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WHILE working on the screenplay of 2001: A Space Odyssey, one of the century's most acclaimed science fiction films, director Stanley Kubrick and legendary science fiction author Arthur C Clarke created HAL 9000, a 22nd century supercomputer on-board the spaceship Discovery. HAL could do amazing things: it could fly the spaceship while the astronauts were suspended in cryogenic solution, play chess like a pro, and even discuss philosophy. Later, however, HAL turns renegade and tries to eliminate the astronauts on board. One astounding scene from the film shows HAL "eavesdropping" on the astronauts, simply by observing the movements of their lips through a hidden camera. Though we still lack the technology to replicate HAL'S lipreading abilities, scientists, according to the latest reports, have managed to design a computer that can "hear" sounds the same way we do.
Researchers at the University of Plymouth, USA, have developed a neural network that can filter sounds in the same way as the human brain. This network could increase our understanding of hearing problems and boost the development of more accurate speech recognition systems.
Sue McCabe and Michael Denham from the university's neurodynamics research group are investigating how, in the earliest stages of hearing, the brain sorts streams of sound to help focus our attention on those we are interested in. Until now, researchers have used digital sound processors to study sound recognition, but these chips are typically very bad at picking out patterns and their programs cannot be easily changed.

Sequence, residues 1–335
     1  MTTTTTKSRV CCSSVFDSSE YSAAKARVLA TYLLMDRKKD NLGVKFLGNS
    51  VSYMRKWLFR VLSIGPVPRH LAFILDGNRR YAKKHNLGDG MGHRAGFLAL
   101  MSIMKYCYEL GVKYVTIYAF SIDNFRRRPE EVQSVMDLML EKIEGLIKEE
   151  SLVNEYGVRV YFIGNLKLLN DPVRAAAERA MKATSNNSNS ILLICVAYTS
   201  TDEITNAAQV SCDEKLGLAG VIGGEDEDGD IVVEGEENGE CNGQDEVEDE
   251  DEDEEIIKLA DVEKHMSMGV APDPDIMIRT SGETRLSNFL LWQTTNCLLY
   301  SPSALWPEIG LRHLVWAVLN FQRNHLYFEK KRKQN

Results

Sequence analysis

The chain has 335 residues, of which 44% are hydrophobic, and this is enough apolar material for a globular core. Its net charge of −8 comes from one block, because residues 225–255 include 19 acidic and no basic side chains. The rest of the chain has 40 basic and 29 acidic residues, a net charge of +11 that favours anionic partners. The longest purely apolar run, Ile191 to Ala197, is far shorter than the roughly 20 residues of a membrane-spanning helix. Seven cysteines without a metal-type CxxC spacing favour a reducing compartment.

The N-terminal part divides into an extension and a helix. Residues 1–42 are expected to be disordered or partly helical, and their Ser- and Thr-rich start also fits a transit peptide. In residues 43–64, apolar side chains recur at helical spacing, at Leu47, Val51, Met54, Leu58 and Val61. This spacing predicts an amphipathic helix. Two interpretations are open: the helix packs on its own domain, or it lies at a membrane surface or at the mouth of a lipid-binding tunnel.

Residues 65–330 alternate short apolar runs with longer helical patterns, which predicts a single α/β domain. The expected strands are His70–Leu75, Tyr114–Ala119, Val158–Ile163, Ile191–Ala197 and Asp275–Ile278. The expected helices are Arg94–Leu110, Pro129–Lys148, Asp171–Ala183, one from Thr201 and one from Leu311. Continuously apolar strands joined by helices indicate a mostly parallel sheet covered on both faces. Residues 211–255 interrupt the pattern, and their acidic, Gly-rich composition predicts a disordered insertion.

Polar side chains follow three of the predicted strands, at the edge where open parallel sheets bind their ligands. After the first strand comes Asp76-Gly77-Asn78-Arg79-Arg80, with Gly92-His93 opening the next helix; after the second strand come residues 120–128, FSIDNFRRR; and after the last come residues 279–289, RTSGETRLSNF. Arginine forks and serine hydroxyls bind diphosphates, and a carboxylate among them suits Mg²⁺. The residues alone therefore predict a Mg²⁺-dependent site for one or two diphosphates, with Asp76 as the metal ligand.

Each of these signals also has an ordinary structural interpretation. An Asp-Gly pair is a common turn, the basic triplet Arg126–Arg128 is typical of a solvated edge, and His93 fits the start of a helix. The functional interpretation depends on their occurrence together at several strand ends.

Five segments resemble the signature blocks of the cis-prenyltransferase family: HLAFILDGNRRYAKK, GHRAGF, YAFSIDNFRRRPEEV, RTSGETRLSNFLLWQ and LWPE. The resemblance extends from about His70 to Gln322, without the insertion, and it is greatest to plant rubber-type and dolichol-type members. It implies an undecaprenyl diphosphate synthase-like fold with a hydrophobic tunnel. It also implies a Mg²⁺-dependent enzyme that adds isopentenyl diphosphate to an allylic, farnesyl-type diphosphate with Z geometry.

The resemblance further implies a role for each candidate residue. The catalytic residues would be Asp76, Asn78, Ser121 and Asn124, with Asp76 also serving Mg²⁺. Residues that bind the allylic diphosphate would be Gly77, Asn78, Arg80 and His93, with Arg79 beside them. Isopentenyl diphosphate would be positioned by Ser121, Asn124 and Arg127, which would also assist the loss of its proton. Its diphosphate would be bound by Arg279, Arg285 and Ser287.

The pair created the neural network in order to study the "pre-attentional" streaming process by which humans sort out sounds. The software is made up of two interacting arrays of virtual neurons. When an oscillating signal of high and low frequencies is played, the software spontaneously sorts the stream by frequency.
Each array homes in on one frequency, inhibiting the reactions of the other array so that it picks a different signal. The software swiftly divides the streams and separates sounds. The work supports theories of pre-attentional hearing that suggest humans listen first and organise sounds later, rather than the other way around.
The neural network has been built to function like the human hearing system rather that to represent an accurate physiological model of the ear and brain structures behind it. "This is a very abstract model of performance and streaming," says McCabe, "but we are interested in getting it to mimic human performance."
The fact that the neural network succumbs to the same auditory illusions that humans do is a good guide to how accurately it works.
These aural illusions arise because we have no control over the pre-attentional process of sorting sounds. Our brain does it for us and then expects us to deal with the results. This means when oscillating stream of sound, flipping between two frequencies, are played, we instantly sort them. Once they have been sorted, it is quite impossible to consciously merge the two sounds back into a single stream.
The neural network does the same thing. Equally, a rising scale is played to one ear and a falling scale to the other, we do not hear the two separately: instead we hear a bouncing pattern. The neural network gets just as confused as we do when this happens.
One problem is that the array is much slower that the brain, taking up to eight seconds to organise a stream of signals. But McCabe says this is still fast enough to be useful. She is planning further research to investigate the physiological basis of hearing. She also wants to get a better idea of why humans are prey to these illusions and what parts of the brain are involved in streaming.